Of course. Something maybe you should bear in mind?

    Your title is as clear as it is wrong.

    Indeed it is, as the first line of the post points out. I’m guessing you didn’t read it, or – if you did – didn’t understand it?

    To be honest, if you’re just going to point out that the title of the post is wrong (as it obviously is) you can stop now, as it’s rather irritating (which is – I assume – your intent, as it appears to always have been).

    In a sense, this title was chosen partly to see what the response would be. I assumed that some would crow about it being wrong and take great delight in pointing that out (and hence illustrating that they hadn’t bothered to read the post or engage with the basic argument). Am I surprised by who’ve done so? I’ll leave that for the readers to decide.

  32. Richard,
    Oh, by the way, if you don’t understand the argument, I am happy to explain it again. Just ask, and I’ll give it another go.

  33. ATTP,

    A provocative title works, when it gets people to read the post well enough to understand it.

    A provocative title does not work when it results in a major part of readers to misunderstand the actual message.

    Both of the above comments are about the influence of the title on the reception of that particular post. The titles affect also, how people consider the whole site, and this is what I had mainly in mind. This influence is to very significant part affected by the comments elsewhere in the blogosphere. There are people, who wish to spread the message that this site is highly alarmist, one-sided, and not worth of taking seriously by anyone even a little skeptical of main stream climate science or strong climate policies. That’s not true, but my impression is that you formulate your writings often in a way that helps the task of those people.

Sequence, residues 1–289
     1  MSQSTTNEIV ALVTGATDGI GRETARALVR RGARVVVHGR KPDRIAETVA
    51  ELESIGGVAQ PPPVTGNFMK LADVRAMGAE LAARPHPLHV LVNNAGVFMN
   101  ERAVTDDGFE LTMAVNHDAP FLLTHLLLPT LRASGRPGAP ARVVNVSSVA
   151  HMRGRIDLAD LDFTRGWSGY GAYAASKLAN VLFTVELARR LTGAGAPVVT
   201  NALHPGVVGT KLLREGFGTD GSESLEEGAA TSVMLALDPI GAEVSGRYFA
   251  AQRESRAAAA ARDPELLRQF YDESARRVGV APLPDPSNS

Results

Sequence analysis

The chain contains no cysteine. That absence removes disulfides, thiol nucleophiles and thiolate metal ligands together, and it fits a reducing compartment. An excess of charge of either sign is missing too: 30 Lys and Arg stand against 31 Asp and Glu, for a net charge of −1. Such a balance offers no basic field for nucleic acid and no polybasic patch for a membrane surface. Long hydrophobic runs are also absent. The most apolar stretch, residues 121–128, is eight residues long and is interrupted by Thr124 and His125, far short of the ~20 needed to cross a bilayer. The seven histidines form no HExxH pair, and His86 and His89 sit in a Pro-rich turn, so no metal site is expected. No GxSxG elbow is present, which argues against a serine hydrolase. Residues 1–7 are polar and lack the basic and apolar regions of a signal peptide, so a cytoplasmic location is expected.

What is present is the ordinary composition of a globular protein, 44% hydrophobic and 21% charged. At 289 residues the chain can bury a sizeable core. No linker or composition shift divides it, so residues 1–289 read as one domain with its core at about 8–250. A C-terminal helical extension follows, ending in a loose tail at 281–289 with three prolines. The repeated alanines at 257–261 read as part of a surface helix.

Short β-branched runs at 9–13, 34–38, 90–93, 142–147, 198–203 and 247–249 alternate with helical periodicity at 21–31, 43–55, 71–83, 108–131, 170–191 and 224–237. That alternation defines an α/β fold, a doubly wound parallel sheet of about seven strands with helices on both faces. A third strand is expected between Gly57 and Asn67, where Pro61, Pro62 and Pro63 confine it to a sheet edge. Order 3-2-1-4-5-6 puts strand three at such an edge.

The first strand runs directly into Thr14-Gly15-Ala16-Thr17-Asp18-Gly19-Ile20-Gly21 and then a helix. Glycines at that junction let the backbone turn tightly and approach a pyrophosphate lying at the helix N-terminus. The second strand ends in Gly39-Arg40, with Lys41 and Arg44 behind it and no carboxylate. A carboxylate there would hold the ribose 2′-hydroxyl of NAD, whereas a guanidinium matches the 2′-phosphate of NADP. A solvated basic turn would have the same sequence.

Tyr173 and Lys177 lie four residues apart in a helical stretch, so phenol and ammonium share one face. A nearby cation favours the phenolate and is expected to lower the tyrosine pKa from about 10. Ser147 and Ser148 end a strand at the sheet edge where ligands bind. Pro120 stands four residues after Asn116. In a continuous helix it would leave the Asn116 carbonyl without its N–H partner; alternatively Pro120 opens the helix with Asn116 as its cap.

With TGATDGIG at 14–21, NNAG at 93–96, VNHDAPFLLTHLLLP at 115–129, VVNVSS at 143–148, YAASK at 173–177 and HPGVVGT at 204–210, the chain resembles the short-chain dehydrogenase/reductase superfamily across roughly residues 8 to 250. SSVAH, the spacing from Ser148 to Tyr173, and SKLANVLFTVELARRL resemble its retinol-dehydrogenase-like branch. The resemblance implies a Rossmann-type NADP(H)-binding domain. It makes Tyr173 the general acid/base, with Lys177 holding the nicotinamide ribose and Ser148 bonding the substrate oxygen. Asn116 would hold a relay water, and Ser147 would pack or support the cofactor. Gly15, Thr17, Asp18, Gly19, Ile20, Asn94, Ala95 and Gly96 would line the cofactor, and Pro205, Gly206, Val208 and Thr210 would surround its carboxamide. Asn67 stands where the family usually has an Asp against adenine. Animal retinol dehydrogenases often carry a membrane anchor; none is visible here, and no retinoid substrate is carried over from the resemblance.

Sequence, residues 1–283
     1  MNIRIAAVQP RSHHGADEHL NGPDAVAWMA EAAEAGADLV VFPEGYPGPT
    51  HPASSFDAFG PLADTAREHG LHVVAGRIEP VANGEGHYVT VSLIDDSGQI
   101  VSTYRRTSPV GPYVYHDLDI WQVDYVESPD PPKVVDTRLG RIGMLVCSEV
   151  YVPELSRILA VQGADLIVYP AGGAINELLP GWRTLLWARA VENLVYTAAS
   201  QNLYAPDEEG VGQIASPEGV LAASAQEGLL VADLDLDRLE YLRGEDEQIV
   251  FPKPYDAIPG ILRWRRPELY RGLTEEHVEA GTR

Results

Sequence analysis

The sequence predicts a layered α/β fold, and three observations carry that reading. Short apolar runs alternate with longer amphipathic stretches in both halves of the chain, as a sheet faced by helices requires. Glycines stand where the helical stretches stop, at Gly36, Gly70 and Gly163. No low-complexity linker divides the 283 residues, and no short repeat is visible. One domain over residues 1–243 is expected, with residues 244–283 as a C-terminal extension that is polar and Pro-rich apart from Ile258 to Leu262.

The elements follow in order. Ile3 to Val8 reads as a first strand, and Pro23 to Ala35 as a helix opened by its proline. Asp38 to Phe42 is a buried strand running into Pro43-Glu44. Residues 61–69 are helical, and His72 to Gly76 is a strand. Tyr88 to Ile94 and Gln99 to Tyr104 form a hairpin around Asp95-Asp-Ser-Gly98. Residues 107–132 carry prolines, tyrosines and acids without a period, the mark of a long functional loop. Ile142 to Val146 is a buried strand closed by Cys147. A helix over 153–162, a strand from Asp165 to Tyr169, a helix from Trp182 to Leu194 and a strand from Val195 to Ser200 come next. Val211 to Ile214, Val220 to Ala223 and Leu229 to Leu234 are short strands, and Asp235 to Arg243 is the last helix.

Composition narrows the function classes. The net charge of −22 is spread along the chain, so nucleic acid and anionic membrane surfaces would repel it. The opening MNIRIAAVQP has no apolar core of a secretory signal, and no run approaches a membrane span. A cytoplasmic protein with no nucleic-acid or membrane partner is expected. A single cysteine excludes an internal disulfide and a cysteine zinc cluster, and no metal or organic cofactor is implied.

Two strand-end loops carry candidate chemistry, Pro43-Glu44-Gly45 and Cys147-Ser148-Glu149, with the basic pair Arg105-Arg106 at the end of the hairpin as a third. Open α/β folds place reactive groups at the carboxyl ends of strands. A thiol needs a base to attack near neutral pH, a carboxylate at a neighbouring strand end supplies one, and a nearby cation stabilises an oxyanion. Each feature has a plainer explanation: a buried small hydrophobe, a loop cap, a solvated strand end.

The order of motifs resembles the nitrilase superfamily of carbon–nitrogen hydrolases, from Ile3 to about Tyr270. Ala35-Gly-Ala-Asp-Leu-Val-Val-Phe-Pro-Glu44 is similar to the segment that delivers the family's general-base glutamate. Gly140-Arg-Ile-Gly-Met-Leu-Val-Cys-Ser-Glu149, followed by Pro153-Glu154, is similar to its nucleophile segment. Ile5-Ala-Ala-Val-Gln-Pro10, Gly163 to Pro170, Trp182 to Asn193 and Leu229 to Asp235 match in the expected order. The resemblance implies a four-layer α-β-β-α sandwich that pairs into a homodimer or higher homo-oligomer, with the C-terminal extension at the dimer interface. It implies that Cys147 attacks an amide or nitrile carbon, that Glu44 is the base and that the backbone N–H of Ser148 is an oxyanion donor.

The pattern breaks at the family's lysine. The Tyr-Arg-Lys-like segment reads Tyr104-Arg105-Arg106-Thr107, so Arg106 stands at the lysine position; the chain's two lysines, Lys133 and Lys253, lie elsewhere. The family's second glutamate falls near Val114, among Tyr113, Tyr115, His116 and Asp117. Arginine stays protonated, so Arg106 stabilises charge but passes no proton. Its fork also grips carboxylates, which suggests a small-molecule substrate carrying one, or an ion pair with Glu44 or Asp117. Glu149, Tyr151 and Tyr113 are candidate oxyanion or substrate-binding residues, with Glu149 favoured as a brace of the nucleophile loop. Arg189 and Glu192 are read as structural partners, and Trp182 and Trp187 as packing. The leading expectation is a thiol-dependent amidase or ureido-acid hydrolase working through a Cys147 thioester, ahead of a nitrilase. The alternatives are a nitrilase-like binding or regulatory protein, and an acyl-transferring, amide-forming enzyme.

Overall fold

34. Pekka,
    Indeed, you’re right. Sometimes it works, sometimes it doesn’t. Once it’s done, it’s done, though.

    That’s not true, but my impression is that you formulate your writings often in a way that helps the task of those people.

    Possibly, but I’m yet to be convinced that there is a way that I could formulate it that wouldn’t end up being used in that way (well, unless I was suddenly to start claiming that AGW is a sham, that’s it’s all the Sun, UHI, the Hockey Stick’s been debunked, …..). I think the debate is too polarised. Accept mainstream science = alarmist in some people’s mind.

    To be fair to you though, I do sometimes (often) write things when I’m particularly frustrated by some of what I’ve seen or read. It’s therefore hard not to let the frustration show and therefore to not write something that could then be used against me. I try to compensate for this, but don’t always (never?) succeed. I could always choose to wait until my frustration has subsided, but then I might not bother writing anything. I’m not doing this because I think the general dialogue is fine and that the general picture being presented to the public is a good representation of our understanding of the science. If I did, I’d be doing something else.

  35. Richard S.J. Tol says:

    @Wotts
    Your title is wrong, and your opening sentence says “not quite” which I guess you will defend as an understatement.

    Your argument only works if there is no other external forcing, and if the system starts in steady state. Neither assumption is true.

  36. Richard,
    My argument was never meant to be complete.

    Your title is wrong, and your opening sentence says “not quite” which I guess you will defend as an understatement.

    I really wouldn’t waste my time trying.

    Your argument only works if there is no other external forcing,

    True (kind of, see below), but acknowledged.

    and if the system starts in steady state.

    No, not if we’re out of a steady state because of our influence. That was essentially the point. If anthropogenic forcings have moved us out of equilibrium, then essentially any warming can be regarded as anthropogenic – I would argue that this could even apply to warming from the Sun, because until we retain equilibrium we can’t really cool (i.e., a system that is gaining energy can’t really get colder). Of course, natural effects can influence the rate at which we warm, but that doesn’t change that the reason we’re warming is because of a change in anthropogenic forcings.

    Are you actually seriously interested in this, or just trying to nitpick? I would normally assume the latter, but am happy to be convinced otherwise.